Nancy Lindsey agreed to come to my arena to give Bruno his first dressage lesson.  It was hot and humid, the kind of hot that just hangs in the air and you feel you can’t breathe through the heavy mist. Nancy pulled up in her truck and bounded from the seat.  If you imagined what a seasoned Dressage instructor would look like, this was it!  She was slim and strong in breeches and boots.  She wore an old faded Rolex ball cap.  Her face was tan and her smile engaging.

She headed over to the arena where Bruno and Amelia were warming up (a stupid term on a day like this).  I bet seven year-old Bruno lost gallons in sweat. I told her Bruno’s story and they got to work.   Nancy alternately rewarded and commanded Amelia and the big horse.  I could not believe the giant horse could move like this!  I have seen him constantly improve under Amelia’s guidance and was excited to see him do so much.

Here is a short video of their canter.  Not perfect but coming along!

The trot.

The trot.

 

Look at the stretch in this canter!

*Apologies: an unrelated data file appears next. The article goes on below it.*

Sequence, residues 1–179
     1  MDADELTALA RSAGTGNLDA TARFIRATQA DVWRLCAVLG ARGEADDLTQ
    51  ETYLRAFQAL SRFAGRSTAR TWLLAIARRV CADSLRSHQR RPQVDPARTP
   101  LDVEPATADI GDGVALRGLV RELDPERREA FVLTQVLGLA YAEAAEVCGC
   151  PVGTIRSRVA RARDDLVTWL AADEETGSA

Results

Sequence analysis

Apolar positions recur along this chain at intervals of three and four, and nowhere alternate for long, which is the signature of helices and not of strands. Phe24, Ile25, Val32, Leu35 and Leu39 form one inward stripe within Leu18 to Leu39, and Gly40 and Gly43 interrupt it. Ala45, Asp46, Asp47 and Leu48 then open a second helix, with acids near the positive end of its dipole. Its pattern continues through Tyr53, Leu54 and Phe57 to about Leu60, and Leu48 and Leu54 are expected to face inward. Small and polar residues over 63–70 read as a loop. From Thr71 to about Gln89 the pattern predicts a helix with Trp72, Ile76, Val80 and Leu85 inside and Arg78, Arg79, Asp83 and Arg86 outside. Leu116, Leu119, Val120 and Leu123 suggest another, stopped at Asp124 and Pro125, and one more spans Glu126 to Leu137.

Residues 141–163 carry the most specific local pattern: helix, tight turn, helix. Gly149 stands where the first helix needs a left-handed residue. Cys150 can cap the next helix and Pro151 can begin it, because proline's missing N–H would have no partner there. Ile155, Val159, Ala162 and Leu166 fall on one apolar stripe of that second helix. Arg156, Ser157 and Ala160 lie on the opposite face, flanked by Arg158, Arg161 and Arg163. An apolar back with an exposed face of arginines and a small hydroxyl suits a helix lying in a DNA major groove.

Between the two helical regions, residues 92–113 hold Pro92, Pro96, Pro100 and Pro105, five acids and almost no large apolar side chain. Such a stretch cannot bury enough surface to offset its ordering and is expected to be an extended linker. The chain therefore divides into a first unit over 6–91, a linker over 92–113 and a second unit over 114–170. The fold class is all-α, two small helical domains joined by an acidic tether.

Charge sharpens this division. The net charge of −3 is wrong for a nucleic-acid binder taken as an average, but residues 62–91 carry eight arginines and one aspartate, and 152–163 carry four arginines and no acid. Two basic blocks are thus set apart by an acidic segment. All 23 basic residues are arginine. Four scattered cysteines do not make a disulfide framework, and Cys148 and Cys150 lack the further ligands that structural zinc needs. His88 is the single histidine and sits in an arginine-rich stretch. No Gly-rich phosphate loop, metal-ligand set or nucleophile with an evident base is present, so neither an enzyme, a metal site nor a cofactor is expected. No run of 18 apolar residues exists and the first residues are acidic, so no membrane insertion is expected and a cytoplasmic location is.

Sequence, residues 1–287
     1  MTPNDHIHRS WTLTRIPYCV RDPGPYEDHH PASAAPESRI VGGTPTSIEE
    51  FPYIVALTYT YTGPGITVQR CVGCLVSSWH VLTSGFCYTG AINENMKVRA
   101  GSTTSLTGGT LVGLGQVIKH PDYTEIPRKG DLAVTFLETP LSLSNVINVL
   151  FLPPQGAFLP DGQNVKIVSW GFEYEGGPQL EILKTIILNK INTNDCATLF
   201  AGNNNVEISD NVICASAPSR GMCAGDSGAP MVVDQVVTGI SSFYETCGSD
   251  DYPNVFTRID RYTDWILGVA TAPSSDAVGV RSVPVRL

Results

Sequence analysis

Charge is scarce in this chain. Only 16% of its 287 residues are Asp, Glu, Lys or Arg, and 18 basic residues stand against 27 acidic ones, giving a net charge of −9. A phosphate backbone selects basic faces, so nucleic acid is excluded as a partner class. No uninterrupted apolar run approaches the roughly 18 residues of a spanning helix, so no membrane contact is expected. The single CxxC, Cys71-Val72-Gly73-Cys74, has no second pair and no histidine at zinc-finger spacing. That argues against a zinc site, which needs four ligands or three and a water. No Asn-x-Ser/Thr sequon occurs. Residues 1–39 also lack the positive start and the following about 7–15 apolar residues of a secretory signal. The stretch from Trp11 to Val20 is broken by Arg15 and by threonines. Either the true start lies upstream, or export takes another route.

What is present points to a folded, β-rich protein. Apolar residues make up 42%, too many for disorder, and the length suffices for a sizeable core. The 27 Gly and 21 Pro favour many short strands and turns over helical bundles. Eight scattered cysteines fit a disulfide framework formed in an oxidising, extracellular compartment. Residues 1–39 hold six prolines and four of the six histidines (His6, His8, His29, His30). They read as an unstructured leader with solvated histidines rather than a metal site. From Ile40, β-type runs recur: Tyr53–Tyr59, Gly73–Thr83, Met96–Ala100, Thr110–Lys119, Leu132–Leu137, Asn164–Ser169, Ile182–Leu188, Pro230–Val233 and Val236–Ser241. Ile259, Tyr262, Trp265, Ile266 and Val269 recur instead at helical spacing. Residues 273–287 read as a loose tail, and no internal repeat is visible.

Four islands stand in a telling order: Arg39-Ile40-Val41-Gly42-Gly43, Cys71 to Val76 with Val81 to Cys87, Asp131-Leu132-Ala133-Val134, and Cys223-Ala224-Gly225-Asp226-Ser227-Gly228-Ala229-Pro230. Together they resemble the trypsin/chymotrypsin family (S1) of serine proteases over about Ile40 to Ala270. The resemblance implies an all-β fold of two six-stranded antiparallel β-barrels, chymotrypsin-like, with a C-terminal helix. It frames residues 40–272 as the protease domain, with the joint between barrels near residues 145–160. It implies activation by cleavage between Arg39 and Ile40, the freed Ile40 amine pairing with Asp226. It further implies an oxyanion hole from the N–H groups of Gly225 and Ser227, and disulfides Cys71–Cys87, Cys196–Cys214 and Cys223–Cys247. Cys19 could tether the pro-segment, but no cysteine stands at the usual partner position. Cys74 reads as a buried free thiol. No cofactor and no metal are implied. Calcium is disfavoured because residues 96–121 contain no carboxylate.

Look at the stretch in this canter!

For all the months and years that we waited to see what this horse could do, it was a pretty exciting morning.  Through the dense air emerged horse with a future, an off the track thoroughbred that had managed to make his way through injury and set-backs. I believe one day soon we are going to see the horse take on a competition and triumph.

Have a safe and happy fourth of July weekend.  Thanks for riding along!

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You can read all of Bruno’s stories and see pictures of hoof before and after surgery by searching the “A Bruno Story” category.

Off the track to Six Meadow Farm

OTTB TryDelta, just barely three years old came home today off the track forever.

OTTB TryDelta, just barely three years old came home today off the track forever.

Showing that thoroughbred speed as she easily out runs the white pony.

Showing that thoroughbred speed as she easily out runs the white pony.

In an absolute contrast to her A. P. Indy cousin, Bruno, TryDelta, by A.P. Delta, out of Native Penny by Saxton, is petite, refined and race track lean.  Barely three years old, she has not finished growing or filling out.  She might be 900 pounds after a particularly large meal and stands about 16 hands. Bruno is almost double her weight at 1650 pounds and sticks at 17.2 and some hands high.   Bruno sports lots of white “chrome” as we call it and this mare does not have a spot of white.

Moving pretty cute for the first time in a pasture in months.

Moving pretty cute for the first time in a pasture in months.